How Robots Could Put Workers on Panera’s Bread Line
Business + Economy

How Robots Could Put Workers on Panera’s Bread Line

Years ago, the technology of choice in your local diner was a mini jukebox on the table. Today, it’s a touch screen so you can place your order directly to the kitchen from your table.

That’s what Ron Shaich, founder and CEO of Panera Bread envisions for his 1,946 bakery-cafes in 46 states. Although Shaich is excited about his forward thinking digital plan, his 80,000 associates who he admitted in a recent commencement address “depend on us for steady employment” are less sanguine about the prospect.

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Shaich told investors during an analysts’ call this last Wednesday, "Labor is going to go down, and as digital utilization goes up — like the sun comes up in the morning — it is going to continue to go up…. As it happens, it's going to benefit larger organizations like Panera, who already have the technology in place."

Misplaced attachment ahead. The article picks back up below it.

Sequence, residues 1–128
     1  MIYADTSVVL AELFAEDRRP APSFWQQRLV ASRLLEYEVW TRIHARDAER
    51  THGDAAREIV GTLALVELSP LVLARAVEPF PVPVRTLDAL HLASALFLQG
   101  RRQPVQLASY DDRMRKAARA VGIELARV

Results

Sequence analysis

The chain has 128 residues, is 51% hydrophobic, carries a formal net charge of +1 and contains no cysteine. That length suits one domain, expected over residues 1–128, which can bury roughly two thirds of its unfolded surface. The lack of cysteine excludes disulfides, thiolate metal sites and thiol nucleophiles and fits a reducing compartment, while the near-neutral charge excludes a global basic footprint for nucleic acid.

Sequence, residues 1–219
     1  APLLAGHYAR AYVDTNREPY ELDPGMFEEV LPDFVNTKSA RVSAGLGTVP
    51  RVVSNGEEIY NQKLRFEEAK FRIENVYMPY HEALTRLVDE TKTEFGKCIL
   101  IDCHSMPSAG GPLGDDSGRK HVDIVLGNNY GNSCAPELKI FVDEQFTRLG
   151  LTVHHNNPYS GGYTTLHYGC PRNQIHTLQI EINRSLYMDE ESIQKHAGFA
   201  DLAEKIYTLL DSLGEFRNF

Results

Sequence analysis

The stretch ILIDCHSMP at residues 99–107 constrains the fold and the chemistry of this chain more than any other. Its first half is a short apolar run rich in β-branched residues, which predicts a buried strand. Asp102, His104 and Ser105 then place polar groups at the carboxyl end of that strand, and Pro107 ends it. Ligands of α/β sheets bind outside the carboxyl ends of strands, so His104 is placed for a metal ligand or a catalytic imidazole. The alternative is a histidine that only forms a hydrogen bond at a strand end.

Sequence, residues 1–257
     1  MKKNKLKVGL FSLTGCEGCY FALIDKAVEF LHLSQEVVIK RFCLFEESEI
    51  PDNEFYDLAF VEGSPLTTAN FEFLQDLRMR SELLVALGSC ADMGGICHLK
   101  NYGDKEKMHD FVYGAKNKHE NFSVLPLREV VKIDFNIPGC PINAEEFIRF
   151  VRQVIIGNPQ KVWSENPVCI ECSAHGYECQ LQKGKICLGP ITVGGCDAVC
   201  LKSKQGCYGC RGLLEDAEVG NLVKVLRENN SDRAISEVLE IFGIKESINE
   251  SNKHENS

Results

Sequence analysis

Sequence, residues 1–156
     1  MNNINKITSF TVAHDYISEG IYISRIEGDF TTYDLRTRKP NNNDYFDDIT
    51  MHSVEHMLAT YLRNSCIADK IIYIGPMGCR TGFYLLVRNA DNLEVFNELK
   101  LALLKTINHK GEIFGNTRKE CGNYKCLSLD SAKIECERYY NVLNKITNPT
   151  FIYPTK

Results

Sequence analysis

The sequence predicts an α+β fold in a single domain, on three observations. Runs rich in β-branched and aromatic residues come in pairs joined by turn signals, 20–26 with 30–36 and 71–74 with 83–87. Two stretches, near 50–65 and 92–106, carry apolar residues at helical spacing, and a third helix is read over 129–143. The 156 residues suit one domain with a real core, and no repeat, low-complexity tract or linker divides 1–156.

Sounds like comments from a hard-boiled business guy, not someone who’s considered a humanitarian running a socially responsible company with a market cap of $4.72 billion.

Last year, speaking at Clark University’s commencement, his alma mater, Shaich admitted he wanted to change the world. And he has taken action against poverty and hunger by starting “Pay-What-You Can” cafes in a number of neighborhoods.  He also dropped many artificial ingredients from his suppliers, including preservatives, and meat from animals raised with antibiotics.

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But business is still Shaich’s first priority, even though he claims lowering labor costs is simply a side benefit of the technology. "We did our digital capabilities to give a better guest experience. It was never about labor," he said.

Panera’s labor costs rose $20 million in Q3—from $170 million to $190 million.